You mentioned SLIM magazine. What’s all that about?
SLIM is a pocket-sized physical magazine that started in July of this year. It’s in English, and concerns matters such as art, music and culture in Berlin.

It doesn’t take itself too seriously, but the writing is really great and informative and it’s online too. It’s not an industry magazine, but is more something that reflects our lives in Berlin.

The Prince CharlesNow, I wanted to ask about The T Room Sessions. To those who don’t know, can you please explain a bit about what they’re about?
Sure, The T Room Sessions have always been my baby and my favourite thing I do. When I started Sweat Lodge Radio three years ago, we wanted to experiment with live sessions in Berlin, and that was way before others were doing it.

We started it at a really small teahouse in Mitte, beside a gallery. It was a special time, and we had all the Berghain DJ’s such as Nick Hoppner and ND Baumecker playing, as well as local labels like Dirt Crew and Mobilee who always supported us, even from the very start. It was always a thing for friends, so they could hook up on a Friday evening and has always been very intimate.

Then after a year, the actual tearoom closed, so we moved to Maria Peligro’s, a sort of hip Mexican restaurant in Kreuzberg. We were there for two years every Friday, which was a really consistent time. But then, that restaurant closed in July, so we were forced to look for another new location.

So for the first time ever, we took a little break and reassessed our options, before opting for The Prince Charles in Berlin. They have a new booker – called Charlie incidentally – and have a vibe which really fits with our own, so it should make for a perfect fit come this Friday.

How will the new sessions in the new destination differ then?
Well for a start, they’ll be a lot longer. They’ll start at 7pm will end at midnight. They’ll be situated in the bar area of Prince Charles (and the club area will be closed) so it’ll make for a really intimate environment with maybe, maximum, 100 people. And we’ll also be serving warm food such as soups too. Every Friday we’ll either be putting up our own artists or labels will be setting up, and we’ll have acts playing such as Genius of Time, Iron Curtis and Massimiliano Pagliara in November alone. We’ll also be videoing the T Room Sessions for SLIM magazine too, and they’ll be going out online as of 8pm.

THE T ROOM SESSIONS @ Prince CharlesSo who sets up the line-ups?
Well Elie and I sit down regularly and hand pick every line-up. It doesn’t matter if the DJ’s are well known or not: if we’re into what they do we’ll try and book them for a show. We’re always looking to promote new talent through the show too, and it usually takes an entire month to set up next month’s line-ups. I have to keep my ear to the ground with what’s going on…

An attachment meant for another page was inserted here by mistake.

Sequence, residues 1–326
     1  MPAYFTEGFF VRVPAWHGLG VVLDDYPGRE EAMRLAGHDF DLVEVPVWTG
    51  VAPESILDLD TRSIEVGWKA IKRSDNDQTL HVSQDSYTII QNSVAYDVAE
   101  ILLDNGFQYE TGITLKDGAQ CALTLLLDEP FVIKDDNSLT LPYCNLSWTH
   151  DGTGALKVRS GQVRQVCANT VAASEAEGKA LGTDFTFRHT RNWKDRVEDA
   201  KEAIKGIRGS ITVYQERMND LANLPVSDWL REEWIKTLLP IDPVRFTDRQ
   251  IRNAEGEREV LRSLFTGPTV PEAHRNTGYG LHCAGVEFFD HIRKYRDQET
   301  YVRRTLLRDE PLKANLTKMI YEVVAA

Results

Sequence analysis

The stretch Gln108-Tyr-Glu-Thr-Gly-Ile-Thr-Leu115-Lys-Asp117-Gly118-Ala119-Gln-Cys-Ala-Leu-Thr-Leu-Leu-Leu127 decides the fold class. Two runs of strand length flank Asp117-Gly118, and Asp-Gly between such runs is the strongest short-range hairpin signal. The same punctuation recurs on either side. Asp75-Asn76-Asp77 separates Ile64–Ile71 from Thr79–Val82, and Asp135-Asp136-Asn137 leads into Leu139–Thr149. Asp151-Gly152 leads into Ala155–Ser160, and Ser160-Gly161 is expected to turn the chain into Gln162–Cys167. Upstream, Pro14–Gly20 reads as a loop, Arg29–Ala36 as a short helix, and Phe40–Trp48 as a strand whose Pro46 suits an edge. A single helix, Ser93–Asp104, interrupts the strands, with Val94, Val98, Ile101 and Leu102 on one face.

Who’s been your favourite guest over the years at Sweat Lodge?
Wow, that’s a difficult question. Perhaps the most memorable though, was Boris and ND Baumecker who just came down and sat on a chair and played for five hours to thirty people. Any of the parties with Tolga Fidan or with Massimiliano Pagliara from Live at Robert Johnson have always been really special too.

This Friday’s session is going to be our 140th, so hopefully there are plenty more great times to come too.

Did you ever think you’d get to a stage where you’re so well known and respected in Berlin?
Honestly, no. I just came here and was doing my thing, and it just so happened that people were into it. I’ve always loved what I do here in Berlin, but I never thought it’d become so versatile with the DJs and a great working crew too.

Have you plans for this year’s BerMuDa festival?
Yes, and it’s going to be one of the busiest weeks of the year for us. We’re hosting around six events, with the main one at Cookies on Thursday with Ed Davenport, Quell and more. I’m very much looking forward to it as it’s a great chance to see people I don’t always get to see. It’s great for Berlin too, so long may it continue.

And what else have you got in the pipeline?
Well our hands our so full right now, but we’re always looking for ways to expand and improve. Eventually, I see us running a club here, but it’s all a constant process…

Friday 09th November

Friday 16th November


Friday 23rd November


Friday 30th November


20:00 - Midnight Live Stream on Sweat Lodge Radio & SLIM TV
Warm food is served from 19:00

Prinzenstrasse 85F (Moritzplatz U8) 10969 Berlin, Germany